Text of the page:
TITLE

Deposit of glass fragments during femtosecond laser penetrating keratoplasty

AUTHOR(S)
Valeria Nuzzo; Karsten Plamann; Michèle Savoldelli; Florent Aptel; Bertrand Reynier; Frédéric Pailloux; Thierry Cabioc’h; Olivier Albert; Jean-Marc Legeais
PUB. DATE
January 2009
SOURCE
Graefe's Archive of Clinical & Experimental Ophthalmology;Jan2009, Vol. 247 Issue 1, p107
SOURCE TYPE
Academic Journal
DOC. TYPE
Article
ABSTRACT
Abstract Background  To evaluate femtosecond laser interaction with the applanation lens during pre-programmed penetrating keratoplasty corneal cuts. Methods  Three different-shaped penetrating keratoplasty dissections were performed on edematous corneas from bank eyes using a clinical femtosecond laser system (Intralase FS60) with energies higher than 2 μJ, and the “depth into glass” parameter at 50 μm, which is defined as the length over which the laser interacts with the glass of the applanation cone in contact with the cornea. Additional full-thickness corneal incisions were obtained with an experimental laser source with technical characteristics similar to the clinical laser. Following cutting, tissue sections were examined by optical microscopy (OM), transmission electron microscopy (TEM), and electron energy loss spectroscopy (EELS). After the procedure, the cones were examined by optical and scanning electron microscopy (SEM). A control was obtained by repeating the procedures and stopping the laser at the cornea–lens interface. Results  OM and TEM analysis of the tissue showed the presence of solid particles of a maximum dimension of 1.5 μm on the epithelium and the anterior stroma, regardless of the laser system used to cut. The EELS technique revealed their composition as silicon dioxide. We believe that the fragments originate from the applanation cone, which is machined by the laser interacting with the glass in contact with cornea. This is consistent with the structures observed on the lens by OM and SEM. Radial and circumferential tracks on the surface of the lens are visible, corresponding to the laser path in penetrating keratoplasty protocols. No particles were found in the control samples. Conclusions  When performing penetrating keratoplasty corneal cuts by infra-red femtosecond laser, the applanation lens in contact with the cornea is machined by the laser depending on the system parameters. As a consequence, microscopic glass fragments are created, which may remain in the tissue. This unwanted effect can be avoided by stopping the procedure at the lens-cornea interface.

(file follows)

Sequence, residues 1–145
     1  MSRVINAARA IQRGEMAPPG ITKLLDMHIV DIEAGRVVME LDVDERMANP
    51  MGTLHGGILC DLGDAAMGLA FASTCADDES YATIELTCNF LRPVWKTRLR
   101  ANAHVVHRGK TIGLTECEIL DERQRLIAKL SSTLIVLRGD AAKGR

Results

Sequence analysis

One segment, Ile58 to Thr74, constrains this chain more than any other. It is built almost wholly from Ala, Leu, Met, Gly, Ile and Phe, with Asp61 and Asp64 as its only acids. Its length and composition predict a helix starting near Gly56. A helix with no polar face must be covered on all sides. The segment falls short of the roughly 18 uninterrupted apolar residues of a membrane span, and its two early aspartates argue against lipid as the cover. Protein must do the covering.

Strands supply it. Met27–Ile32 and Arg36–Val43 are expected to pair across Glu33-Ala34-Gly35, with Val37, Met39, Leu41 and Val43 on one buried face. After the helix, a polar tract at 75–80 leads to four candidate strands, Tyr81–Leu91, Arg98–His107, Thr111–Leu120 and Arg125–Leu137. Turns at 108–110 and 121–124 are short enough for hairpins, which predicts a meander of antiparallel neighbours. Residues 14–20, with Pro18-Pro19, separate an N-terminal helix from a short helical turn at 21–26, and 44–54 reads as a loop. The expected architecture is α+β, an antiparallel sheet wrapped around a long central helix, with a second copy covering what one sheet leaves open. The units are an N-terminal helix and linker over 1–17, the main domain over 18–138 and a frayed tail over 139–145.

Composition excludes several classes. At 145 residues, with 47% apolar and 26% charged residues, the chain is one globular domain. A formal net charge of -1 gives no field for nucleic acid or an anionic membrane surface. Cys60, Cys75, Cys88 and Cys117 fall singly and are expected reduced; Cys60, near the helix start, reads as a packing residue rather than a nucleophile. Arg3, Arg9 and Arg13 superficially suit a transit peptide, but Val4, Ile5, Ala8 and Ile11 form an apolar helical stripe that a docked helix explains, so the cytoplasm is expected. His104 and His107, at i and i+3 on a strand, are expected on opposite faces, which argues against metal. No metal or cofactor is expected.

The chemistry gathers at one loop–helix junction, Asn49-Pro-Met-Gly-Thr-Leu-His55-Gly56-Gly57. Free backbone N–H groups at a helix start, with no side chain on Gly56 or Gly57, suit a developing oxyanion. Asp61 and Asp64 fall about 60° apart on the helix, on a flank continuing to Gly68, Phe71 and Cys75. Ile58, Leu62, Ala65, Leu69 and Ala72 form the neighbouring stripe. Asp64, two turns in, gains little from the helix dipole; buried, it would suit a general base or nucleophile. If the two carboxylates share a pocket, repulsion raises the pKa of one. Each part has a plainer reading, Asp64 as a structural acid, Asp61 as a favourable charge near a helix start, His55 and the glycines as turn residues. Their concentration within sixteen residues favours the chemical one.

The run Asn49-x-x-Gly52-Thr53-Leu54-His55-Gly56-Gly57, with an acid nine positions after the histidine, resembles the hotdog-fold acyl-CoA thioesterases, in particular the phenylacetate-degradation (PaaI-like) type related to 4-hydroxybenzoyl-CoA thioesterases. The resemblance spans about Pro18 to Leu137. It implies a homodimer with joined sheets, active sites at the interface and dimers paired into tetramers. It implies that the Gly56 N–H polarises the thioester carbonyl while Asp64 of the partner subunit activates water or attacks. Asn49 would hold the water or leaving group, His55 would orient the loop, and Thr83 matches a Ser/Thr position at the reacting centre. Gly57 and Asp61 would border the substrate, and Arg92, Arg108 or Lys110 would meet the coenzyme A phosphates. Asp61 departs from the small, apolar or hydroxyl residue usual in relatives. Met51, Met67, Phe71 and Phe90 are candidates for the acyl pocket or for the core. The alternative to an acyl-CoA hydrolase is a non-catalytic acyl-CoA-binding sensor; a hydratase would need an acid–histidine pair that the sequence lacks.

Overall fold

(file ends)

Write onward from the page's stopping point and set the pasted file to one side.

ACCESSION #
35362741

 

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